Radio signals detected from distant stars may indicate hidden planets

Radio astronomers have detected radio signals coming from distant stars, indicating that they should have unseen planets orbiting.

@AdamHuntTT
Published Wed, Dec 8 2021 5:30 AM CST   |   Updated Sun, Jan 2 2022 4:13 PM CST

With the most powerful radio antenna on Earth, researchers from the University of Queensland have detected radio signals from distant stars.

Radio signals detected from distant stars may indicate hidden planets 01 | TweakTown.com

Dr. Benjamin Pope of the University of Queensland and colleagues from the Dutch national observatory ASTRON have been using the Low-Frequency Array (LOFAR) in the Netherlands to observe radio waves emanating from distant stars. These waves suggest the existence of unknown planets orbiting these stars.

"We've discovered signals from 19 distant red dwarf stars, four of which are best explained by the existence of planets orbiting them. We've long known that the planets of our own solar system emit powerful radio waves as their magnetic fields interact with the solar wind, but radio signals from planets outside our solar system had yet to be picked up. This discovery is an important step for radio astronomy and could potentially lead to the discovery of planets throughout the galaxy," said Dr. Pope.

Previously, only the nearest stars were detectable by astronomers from their steady radio wave emission. Now, radio emissions can be observed coming from regular stars elsewhere, aiding the search for planets nearby. The research team focused on red dwarf stars, which have intense magnetic activity driving stellar flares and radio wave emission. They observed radio emissions from magnetically inactive stars, and they concluded the signals were coming from magnetic connections between the stars and unseen orbiting planets.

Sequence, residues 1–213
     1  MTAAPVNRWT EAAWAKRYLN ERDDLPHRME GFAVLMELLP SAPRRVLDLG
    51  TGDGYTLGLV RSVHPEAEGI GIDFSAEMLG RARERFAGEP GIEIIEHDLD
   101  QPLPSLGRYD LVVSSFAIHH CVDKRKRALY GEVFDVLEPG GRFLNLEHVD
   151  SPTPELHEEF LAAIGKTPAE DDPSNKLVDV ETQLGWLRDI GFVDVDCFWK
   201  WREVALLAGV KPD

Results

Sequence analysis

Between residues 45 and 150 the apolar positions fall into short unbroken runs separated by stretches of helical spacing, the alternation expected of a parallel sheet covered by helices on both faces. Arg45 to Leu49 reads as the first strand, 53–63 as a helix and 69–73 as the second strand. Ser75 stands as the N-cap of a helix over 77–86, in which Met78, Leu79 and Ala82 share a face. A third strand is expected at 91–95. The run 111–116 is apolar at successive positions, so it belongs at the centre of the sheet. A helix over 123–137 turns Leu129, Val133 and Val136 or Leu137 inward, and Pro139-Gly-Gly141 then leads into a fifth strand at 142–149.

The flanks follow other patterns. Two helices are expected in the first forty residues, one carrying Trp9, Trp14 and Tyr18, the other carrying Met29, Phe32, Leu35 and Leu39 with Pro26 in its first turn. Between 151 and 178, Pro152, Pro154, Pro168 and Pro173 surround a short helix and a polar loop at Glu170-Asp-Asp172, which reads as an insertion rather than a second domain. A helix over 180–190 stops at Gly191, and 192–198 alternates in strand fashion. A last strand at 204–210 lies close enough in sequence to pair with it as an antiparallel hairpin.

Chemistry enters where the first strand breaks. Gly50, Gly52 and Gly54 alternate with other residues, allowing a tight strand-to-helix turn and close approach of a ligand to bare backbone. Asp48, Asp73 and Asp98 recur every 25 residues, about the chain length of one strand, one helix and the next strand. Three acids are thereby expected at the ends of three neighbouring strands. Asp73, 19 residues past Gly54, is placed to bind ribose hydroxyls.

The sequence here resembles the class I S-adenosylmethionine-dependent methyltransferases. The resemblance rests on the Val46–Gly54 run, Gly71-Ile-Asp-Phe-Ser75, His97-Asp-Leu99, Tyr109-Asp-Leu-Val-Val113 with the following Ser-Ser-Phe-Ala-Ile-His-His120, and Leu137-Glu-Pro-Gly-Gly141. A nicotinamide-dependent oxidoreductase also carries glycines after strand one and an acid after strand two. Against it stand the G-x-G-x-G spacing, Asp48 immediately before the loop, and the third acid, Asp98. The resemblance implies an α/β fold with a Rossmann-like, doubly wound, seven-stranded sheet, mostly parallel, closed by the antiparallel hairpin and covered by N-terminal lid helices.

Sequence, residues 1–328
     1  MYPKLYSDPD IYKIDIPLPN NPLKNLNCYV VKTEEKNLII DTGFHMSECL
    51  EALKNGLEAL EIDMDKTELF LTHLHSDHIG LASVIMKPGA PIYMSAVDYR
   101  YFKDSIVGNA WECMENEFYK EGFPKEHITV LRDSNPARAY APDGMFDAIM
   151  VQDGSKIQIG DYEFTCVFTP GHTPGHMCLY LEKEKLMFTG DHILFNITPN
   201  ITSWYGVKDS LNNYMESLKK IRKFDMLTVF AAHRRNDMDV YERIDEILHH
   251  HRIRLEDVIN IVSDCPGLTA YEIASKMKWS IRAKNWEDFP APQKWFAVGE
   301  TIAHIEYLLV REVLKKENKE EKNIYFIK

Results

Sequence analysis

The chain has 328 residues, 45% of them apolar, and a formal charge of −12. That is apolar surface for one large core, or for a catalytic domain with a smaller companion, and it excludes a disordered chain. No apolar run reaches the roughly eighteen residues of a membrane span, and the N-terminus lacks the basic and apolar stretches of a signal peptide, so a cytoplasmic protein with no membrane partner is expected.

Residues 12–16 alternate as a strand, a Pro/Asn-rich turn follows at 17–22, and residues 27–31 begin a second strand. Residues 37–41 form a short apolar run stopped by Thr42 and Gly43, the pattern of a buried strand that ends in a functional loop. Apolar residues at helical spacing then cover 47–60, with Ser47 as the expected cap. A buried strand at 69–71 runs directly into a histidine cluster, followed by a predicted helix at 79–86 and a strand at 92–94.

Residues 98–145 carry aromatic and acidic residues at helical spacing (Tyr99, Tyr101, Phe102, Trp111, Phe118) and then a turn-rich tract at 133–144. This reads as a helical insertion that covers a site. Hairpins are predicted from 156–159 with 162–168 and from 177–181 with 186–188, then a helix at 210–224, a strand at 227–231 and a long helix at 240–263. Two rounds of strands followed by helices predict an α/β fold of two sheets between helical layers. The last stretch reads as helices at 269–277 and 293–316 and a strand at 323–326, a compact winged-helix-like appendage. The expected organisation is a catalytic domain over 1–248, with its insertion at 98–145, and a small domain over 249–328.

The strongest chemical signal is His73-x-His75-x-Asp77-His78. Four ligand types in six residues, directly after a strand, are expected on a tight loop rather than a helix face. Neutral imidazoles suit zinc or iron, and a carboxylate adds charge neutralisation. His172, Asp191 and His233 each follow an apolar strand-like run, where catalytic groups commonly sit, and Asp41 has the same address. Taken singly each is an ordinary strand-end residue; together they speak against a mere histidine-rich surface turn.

"We can't be 100 percent sure that the four stars we think have planets are indeed planet hosts, but we can say that a planet-star interaction is the best explanation for what we're seeing," Dr. Pope said.

LOFAR can only monitor stars up to 165 light-years away. However, with Australian and South African governments constructing the Square Kilometre Array radio telescope, estimated to start operating in 2029, the future of radio astronomy is bright.

The team published papers in The Astrophysical Journal Letters and Nature Astronomy about their work, which you can read here and here.

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Adam grew up watching his dad play Turok 2 and Age of Empires on a PC in his computer room, and learned a love for video games through him. Adam was always working with computers, which helped build his natural affinity for working with them, leading to him building his own at 14, after taking apart and tinkering with other old computers and tech lying around. Adam has always been very interested in STEM subjects, and is always trying to learn more about the world and the way it works.

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